By far the longest story in this collection, “Returning Home” is set in rural Kansas, on a farm stocked with provisions and fortified for, quite literally, the end of the world. It strongly reminded me of my own childhood and adolescence in the Midwest. When I began the story I wasn’t a fan of the length and didn’t see how it would be able to keep me interested, but I soon realized that it needed to be that long in order to ramp up the suspense. I was an EMOTIONAL WRECK by the end!
“It’s The End Of The World As We Know It” by Kate I. Foley (3/5)
Funnily enough, my two friends’ stories couldn’t have been more different! This one was also about religion, but was far closer to my own experience since the protagonist is the only non-believer in a sea of the faithful. (Hellooooo, that was my life until I found secular homeschooling friends!) I just wish it had been a little longer because I loved the main character’s personality and wanted to get to know her better!
“No Good Deed” by Schevus Osborne (3/5)
The suburban version of “Returning Home,” perhaps? In this story, a father defends his family… in a conflict that he himself accidentally initiated. I don’t want to give away the twist at the end, but let me just say that I’m a big fan of stories about PEOPLE TAKING CARE OF PEOPLE, everyone. We all need to love each other more.
“Shoulders of Giants” by Dave Higgins (5/5)
It’s hard to put my finger on what exactly I enjoyed here – because there’s so much to love, I guess. The dialogue. The pacing. The fact that the two main characters are stuck in the International Space Station at the time the comet is predicted to hit (!!!). The camaraderie between the astronauts. The humor. The way the author avoided jargon-heavy description.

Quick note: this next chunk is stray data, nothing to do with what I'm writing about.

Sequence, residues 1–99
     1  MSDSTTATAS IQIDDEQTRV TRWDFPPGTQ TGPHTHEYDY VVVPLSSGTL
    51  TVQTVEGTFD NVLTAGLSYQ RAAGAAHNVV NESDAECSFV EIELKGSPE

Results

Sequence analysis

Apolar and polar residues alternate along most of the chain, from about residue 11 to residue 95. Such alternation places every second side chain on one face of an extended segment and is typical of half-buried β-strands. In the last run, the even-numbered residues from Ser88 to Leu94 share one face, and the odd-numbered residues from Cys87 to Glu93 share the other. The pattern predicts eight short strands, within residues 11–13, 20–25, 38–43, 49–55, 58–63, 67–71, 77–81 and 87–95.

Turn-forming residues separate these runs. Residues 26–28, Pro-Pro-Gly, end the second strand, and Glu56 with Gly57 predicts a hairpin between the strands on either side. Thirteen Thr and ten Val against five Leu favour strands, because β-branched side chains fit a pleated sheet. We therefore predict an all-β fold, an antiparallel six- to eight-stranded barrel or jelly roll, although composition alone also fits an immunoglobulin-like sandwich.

“After The Comet” by Adrian George Nicolae (4/5)
A brief, bizarre story about missed connections, a middle-aged couple with marital issues, and the horror and accidents that plague them. I have no idea where it was supposed to be set or how on Earth (pun totally intended) the author got the idea for this piece, which just added to my enjoyment of it.
Here, children in an isolated, intensely religious Australian town attempt to cope with news of the end, with varying levels of success. Every bit as good as “Shoulders of Giants,” but in a far more devastating way. And I’m so glad that it had Aboriginal rep!
“Alice” by Kim Plummer (3.5/5)
Although parts of this story confused me, I’m grateful that “Alice” was included in this collection because it was the only piece that really talked about mental illness. The protagonist definitely had depression, anxiety, and suicidal thoughts, and I’m fairly certain she had OCD as well? It was hard not to see Alice Bailey as me and her struggles as my own.